I’m in the process of setting up a PC that I’m going to use exclusively for playing around with malware. In fact, I’m thinking of starting a pool to capture people’s guesses as to how long it takes someone who intentionally goes seeking malware (i.e., turns off most security features and then starts browsing questionable sites, clicking on links in spam, etc.) to get infected. But this posting is not really about that, it is about a fundamental of the malware world. The impact of letting time go by.
I tried an interesting experiment the other day, I grabbed all the mail in my Junk folder and started checking out the links in emails that were truly spam. There was one very crucial observation, the links in emails that I’d received over 24 hours earlier were no longer valid. This is one of the more interesting aspects of the malware problem, the shelf life of a rogue website is very short. In general I’d guess that it is between a few hours and a day. After that phishing and malware URL filters have been updated to block the site, their ISP has shut them down, and anti-malware signatures have often been updated to catch any previously unknown malware the site may be distributing. It kind of makes you wonder how phishing and malware can be such big problems when “the system” seems to spring into action so quickly.
Unfortunately the rogue sites move around just as quickly as they are blocked or shutdown. Even in the brief life of the site they can steal identities via phishing techniques or distribute malware to the machine of a visitor. So even with a lifetime of only a few hours the rogue site has done its job. Then off goes a new set of nearly identical emails containing the link to the next rogue site they’ve set up and we are off again.
Another time curiosity is how ancient malware continues to roam about and be a threat. Sometimes it turns out that the malware has been tweaked to avoid detection by existing anti-malware signatures. But since that seems to get it a new identity, and malware with the older identities is still roaming about, a better conclusion is just that there are so many machines out in the world that are unpatched, without proper anti-malware, etc. that even ten+ year old malware is still active. We rid the world of Smallpox, but Melissa is still infecting Office documents after 12 years and SQL Slammer is still winding its way about the Internet after 7 years. I have a personal connection to SQL Slammer and I’d really like to see it become a purely historical artifact!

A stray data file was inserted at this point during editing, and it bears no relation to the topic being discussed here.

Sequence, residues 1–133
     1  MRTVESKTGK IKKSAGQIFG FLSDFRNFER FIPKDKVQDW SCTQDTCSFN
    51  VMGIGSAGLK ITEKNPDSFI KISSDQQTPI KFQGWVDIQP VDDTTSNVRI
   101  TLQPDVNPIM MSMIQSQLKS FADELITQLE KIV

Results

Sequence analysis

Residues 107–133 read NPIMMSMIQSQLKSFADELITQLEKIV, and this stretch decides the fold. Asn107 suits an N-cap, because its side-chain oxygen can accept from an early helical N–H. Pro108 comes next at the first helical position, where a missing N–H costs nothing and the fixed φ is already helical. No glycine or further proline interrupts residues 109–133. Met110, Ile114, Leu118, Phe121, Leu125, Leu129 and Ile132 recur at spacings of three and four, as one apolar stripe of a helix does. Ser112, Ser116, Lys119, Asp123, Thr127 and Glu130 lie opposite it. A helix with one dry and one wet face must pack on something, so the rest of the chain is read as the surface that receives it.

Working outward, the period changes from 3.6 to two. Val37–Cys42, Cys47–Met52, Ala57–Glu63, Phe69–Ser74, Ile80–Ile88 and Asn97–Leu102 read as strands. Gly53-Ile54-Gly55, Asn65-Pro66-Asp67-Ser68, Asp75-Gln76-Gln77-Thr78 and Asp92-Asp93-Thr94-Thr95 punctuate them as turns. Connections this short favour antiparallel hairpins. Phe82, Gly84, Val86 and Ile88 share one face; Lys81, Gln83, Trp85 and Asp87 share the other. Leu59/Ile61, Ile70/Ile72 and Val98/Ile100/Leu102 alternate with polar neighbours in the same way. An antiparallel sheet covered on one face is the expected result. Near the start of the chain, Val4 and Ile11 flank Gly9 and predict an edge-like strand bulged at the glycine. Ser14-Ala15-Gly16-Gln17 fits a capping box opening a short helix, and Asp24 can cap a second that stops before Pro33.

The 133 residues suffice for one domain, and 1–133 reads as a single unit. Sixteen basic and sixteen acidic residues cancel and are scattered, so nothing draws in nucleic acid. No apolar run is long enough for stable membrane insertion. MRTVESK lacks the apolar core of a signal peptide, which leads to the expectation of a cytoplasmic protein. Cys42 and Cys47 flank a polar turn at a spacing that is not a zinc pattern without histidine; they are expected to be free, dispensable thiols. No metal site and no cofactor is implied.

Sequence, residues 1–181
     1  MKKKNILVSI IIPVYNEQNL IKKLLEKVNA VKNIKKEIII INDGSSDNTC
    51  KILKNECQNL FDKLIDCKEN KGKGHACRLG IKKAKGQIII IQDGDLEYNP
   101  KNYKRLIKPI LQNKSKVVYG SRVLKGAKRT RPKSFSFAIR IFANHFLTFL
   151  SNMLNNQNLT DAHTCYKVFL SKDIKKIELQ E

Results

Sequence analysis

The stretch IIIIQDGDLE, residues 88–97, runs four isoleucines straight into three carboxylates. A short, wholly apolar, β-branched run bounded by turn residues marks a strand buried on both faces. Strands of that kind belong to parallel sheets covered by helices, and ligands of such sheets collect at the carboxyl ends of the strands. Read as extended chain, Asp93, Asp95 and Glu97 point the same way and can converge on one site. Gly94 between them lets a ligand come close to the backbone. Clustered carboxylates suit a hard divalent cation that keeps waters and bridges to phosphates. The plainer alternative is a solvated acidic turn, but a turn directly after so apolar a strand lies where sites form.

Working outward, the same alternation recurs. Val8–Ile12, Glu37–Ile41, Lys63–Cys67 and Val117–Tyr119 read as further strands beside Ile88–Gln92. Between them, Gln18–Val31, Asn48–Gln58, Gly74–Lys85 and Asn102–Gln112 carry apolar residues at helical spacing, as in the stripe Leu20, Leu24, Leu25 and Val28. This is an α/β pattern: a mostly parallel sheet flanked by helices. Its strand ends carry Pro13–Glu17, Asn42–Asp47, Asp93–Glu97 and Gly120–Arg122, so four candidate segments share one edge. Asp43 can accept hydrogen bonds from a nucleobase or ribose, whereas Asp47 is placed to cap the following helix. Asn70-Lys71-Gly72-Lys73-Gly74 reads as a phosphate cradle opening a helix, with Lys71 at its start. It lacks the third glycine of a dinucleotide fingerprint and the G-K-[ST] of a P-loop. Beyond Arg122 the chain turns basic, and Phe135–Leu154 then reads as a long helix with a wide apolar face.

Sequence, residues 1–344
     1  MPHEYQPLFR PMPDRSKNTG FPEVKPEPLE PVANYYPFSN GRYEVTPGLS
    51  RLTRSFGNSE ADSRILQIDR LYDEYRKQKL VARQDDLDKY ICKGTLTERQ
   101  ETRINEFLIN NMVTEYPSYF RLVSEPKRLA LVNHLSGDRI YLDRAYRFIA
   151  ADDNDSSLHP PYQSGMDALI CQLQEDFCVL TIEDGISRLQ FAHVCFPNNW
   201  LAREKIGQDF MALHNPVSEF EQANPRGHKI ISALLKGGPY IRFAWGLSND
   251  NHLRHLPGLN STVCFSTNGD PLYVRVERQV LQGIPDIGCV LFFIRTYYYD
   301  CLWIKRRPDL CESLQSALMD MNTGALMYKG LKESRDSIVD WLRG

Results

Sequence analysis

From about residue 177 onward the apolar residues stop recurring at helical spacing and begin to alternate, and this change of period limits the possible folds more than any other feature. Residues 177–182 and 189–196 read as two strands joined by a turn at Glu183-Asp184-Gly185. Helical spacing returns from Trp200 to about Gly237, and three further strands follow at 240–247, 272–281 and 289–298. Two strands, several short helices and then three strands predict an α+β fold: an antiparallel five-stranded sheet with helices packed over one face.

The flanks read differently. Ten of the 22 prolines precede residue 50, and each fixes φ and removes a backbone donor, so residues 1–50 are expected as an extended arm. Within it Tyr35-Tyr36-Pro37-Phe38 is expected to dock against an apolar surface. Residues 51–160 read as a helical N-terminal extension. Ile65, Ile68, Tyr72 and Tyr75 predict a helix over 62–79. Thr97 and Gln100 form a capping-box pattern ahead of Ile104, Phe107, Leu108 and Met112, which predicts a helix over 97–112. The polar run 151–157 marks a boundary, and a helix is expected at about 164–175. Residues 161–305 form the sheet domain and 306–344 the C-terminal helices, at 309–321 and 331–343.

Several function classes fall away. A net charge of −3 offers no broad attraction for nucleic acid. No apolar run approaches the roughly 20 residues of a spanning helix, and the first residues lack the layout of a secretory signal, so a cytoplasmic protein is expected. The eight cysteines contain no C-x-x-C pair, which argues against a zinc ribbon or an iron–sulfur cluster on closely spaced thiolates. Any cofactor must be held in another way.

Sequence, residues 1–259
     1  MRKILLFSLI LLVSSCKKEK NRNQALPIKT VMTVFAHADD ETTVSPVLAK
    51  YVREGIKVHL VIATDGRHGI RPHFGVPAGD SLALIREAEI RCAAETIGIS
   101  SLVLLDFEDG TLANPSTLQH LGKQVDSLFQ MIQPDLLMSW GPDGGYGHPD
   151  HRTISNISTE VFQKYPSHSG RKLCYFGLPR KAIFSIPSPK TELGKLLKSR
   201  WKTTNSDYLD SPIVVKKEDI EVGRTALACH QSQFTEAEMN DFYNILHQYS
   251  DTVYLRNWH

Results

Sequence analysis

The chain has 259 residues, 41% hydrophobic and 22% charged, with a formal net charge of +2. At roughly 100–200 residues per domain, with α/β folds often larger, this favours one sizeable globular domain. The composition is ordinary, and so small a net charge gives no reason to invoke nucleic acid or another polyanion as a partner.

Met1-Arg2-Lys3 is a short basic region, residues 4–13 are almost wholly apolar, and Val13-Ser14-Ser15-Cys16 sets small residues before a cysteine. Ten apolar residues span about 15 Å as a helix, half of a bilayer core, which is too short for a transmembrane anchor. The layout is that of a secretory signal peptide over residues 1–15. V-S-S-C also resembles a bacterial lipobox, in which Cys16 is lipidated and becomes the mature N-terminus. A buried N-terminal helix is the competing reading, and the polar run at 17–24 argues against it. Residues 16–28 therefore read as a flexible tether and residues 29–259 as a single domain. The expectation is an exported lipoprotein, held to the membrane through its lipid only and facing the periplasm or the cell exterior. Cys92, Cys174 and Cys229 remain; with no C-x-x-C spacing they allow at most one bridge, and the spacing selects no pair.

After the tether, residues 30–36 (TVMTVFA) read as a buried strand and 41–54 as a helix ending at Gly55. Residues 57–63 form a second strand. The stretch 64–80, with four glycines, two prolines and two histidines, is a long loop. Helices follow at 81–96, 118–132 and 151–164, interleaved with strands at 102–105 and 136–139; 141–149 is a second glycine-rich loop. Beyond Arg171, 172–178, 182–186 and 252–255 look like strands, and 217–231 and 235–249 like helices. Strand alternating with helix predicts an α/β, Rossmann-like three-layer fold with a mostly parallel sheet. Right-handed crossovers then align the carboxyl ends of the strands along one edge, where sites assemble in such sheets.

One might think that a major way we could fight malware would be to introduce delays in the system so that rogue websites disappear before anyone can access them. Imagine, for example, that rather than just putting apparent junk mail into a junk folder mail providers actually delayed delivery for 24 hours. On the surface that would seem like a great fix (ignoring that false positive would get delayed as well, but I think you could scope down which mails were delayed to address the false positive problem), except for one little problem: the way we detect dangerous websites is largely by people reporting them. So delaying emails would delay reporting of the website. The same is true of other measures, like simply blocking access to brand new websites. Unless someone goes there and says “this looks like a phishing site to me, I think I’ll report it” or they submit a sample of a program that they think is malware to one of the anti-malware vendors, the site or malware will most likely go undetected. So we are caught in a catch-22.
This time factor may help explain why my parents’ PC, which until I put free anti-malware on them were largely unprotected because my father kept refusing to pay to renew the subscription, was never infected. Not only was my father very limited in his web surfing but he used Hotmail’s “exclusive” level of spam filtering to keep all but mail from his contacts out of his Inbox. He did check email in his Junk folder, but infrequently enough that any dangerous link he clicked on was likely already out of commission.
Even though it would make detecting rogue websites more difficult, I do think that additional research into using time delays to defeat them is in order. I guess I need to go off and see if there are any published papers on just that topic.
Pingback: Old Operating Systems never die, and it seems they don’t fully fade away either | Hal's (Im)Perfect Vision